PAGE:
Which is why companies have begun widening their searches even more. If we’re willing to hire someone to work remotely in Kansas City, they thought, is it really that different to hire someone to work remotely in Mexico City? There was of course the added benefit that the engineer in Mexico City would be a lot cheaper. For a senior software engineer who would earn about $190,000 working remotely in the US, according to Laskie, you could hire someone with a similar level of experience and an excellent command of English for about $91,000 in Latin America. According to Deel, which helps companies hire and pay employees internationally, median salaries for senior software engineers are $60,000 in Argentina, $76,000 in the Philippines, $81,000 in Brazil and Mexico, and $85,000 in Poland.
So where are tech companies hiring? The answer is everywhere — from Lahore to Lagos to Lisbon. And because they no longer have to limit their searches to major tech hubs, companies can be agnostic when it comes to a candidate’s city or nationality. That’s how Deel has gone from having three engineers to about 140, in just two years. “If you need to scale fast, hiring globally is for sure the way to go,” says Yaron Lavi, Deel’s chief technology officer.
Safeguard Global, a payroll and workforce management company in Austin, Texas, that competes with Deel, has taken a similar approach. “I needed to have the best talent, and I couldn’t possibly do that from one location, because the competition for top talent is too high,” says Chitayat, who is Safeguard’s chief technology officer. “The way we approached it was: Go global, keep the bar as high as possible, and don’t go to the normal places that everyone else has already gone.”
The unintended consequences
Nowhere has the boom been bigger than in Latin America. The region shares similar working hours as the US, and salaries there are comparatively low. But thanks to the recruiting rush, they’re starting to rise. That $91,000 average salary for senior engineers in Latin America? In May 2021, according to Laskie, it was just $65,000 — a spike of nearly 40% in barely a year.
That creates a huge opportunity for engineers in developing economies, who no longer have to uproot their families and move to the US to earn a life-transforming salary. But driving up local wages is likely to pose a huge challenge for foreign tech companies. If American businesses are swooping in and hoovering up all the engineers in, say, Uruguay, what will Uruguayan startups do? How will they afford engineers of their own? And does that mean the world might miss out on a company that could become the next Google or Amazon? Hiring talent abroad, at higher wages, will only serve to solidify the dominance of Silicon Valley even more.
“It’s very cool to see folks being able to access salaries that they otherwise wouldn’t be able to,” Jim Conti, a talent partner at the venture-capital firm Hyde Park Venture Partners, told me. “But at the same time, is it damaging to the local ecosystem for these types of salaries to come in? And if so, is there a responsibility for us to think critically about that impact?”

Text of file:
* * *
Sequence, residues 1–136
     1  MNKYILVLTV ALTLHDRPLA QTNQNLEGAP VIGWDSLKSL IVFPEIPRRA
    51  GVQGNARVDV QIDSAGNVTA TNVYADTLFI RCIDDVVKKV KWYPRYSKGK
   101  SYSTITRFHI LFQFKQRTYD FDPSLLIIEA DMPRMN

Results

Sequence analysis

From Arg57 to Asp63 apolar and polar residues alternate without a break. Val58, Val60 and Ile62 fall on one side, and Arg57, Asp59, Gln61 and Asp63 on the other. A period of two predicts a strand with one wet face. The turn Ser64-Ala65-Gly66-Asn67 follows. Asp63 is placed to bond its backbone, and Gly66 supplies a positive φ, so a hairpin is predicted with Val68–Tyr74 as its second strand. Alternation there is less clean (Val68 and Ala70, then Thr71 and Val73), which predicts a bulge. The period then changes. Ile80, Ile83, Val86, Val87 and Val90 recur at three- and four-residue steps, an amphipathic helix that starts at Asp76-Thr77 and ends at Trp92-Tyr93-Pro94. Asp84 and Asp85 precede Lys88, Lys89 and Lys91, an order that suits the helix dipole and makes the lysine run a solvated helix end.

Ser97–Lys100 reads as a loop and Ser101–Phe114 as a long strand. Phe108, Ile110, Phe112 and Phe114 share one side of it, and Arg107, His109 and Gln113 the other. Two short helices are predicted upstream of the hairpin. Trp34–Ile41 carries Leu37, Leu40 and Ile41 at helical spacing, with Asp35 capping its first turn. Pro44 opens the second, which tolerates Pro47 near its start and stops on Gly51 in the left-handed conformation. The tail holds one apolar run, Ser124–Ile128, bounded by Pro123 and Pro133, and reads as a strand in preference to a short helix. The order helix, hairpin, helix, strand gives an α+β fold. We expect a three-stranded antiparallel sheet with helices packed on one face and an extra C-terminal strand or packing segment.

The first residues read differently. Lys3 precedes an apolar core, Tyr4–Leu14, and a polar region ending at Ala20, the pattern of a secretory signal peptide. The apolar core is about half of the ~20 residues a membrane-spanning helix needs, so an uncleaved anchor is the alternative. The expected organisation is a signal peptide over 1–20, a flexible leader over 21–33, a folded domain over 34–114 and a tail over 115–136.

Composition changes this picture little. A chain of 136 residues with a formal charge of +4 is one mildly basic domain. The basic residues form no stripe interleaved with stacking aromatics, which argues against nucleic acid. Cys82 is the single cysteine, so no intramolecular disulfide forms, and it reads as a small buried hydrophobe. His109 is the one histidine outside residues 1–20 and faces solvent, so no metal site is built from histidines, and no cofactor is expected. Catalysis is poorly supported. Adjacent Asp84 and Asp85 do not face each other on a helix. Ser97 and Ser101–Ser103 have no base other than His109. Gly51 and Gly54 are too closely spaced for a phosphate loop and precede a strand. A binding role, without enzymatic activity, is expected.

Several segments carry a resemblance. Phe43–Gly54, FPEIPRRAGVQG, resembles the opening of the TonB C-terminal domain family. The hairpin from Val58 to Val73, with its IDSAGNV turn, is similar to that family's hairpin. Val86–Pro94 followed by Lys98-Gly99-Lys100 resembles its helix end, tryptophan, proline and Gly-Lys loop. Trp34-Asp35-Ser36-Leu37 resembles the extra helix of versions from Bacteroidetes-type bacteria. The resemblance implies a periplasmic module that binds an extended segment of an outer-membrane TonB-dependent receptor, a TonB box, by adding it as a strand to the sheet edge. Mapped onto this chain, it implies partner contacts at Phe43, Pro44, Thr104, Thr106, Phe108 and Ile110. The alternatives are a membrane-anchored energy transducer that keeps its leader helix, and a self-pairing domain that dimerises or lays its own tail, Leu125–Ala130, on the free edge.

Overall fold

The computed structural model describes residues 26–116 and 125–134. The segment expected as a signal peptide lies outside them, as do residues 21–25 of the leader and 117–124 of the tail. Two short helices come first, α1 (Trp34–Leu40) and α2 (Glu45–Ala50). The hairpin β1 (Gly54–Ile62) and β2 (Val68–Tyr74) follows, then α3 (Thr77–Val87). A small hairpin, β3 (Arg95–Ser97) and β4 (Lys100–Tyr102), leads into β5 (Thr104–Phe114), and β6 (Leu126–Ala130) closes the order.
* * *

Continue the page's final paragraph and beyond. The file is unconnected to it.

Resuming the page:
If you’re a software engineer in the US, your biggest concern is probably what this means for your job prospects. When American companies outsource jobs, it often fuels a protectionist, “made in America” backlash. But before you pull out your baseball bat and start bashing your computer in a display of patriotic fury, keep this in mind: No one I spoke with in the tech industry thinks the new trend has even the remotest chance of taking jobs away from American tech workers in the immediate future. As I wrote the other week, tech jobs are still booming in America, even as tech stocks have cratered and a handful of companies in Silicon Valley have put a freeze on hiring. In an economic age that runs almost entirely on tech, there are plenty of tech jobs for everyone — even if everyone is starting to mean everyone around the world.
“If the past decades have proven anything, it is that the growth potential of building new technology companies continues to far exceed the capacity of our labor markets to supply it,” says Adam Nash, a longtime Silicon Valley executive who serves as the CEO of Daffy, a charitable-giving startup. Many of Daffy’s engineers live in Latin America.
Nash added that the boom in international hiring should bode well for US engineers’ paychecks as well, because a big portion of tech salaries consists of company equity. What’s good for their employers — being able to actually fill more of their engineering roles — is probably good for employees as well: As the company staffs up and becomes more productive, all of its employees will benefit from the rising value of their shares.
But in the long run, does the outsourcing of tech jobs pose a risk to American workers? The job market won’t stay hot forever. And if a
hits, who are companies most likely to lay off — their low-wage coders in Peru, or their high-priced engineers in Portland? The more that the tech industry starts to resemble the auto industry — the more Silicon Valley follows in the globalizing footsteps of Detroit — the more incentive it will have to send jobs abroad.
The moment represents a profound pivot in the mythos of Silicon Valley. From Larry Page to Mark Zuckerberg, tech has fostered the notion that computer engineers are akin to gods — beings so rarified and magical that companies must cling to them at any cost. But that exalted status has always depended on an extraordinary imbalance between supply and demand. As more and more US companies tap the global supply of tech talent, America’s coders may face a humbling prospect: that their skills aren’t so rare after all.
Aki Ito is a senior correspondent at Insider.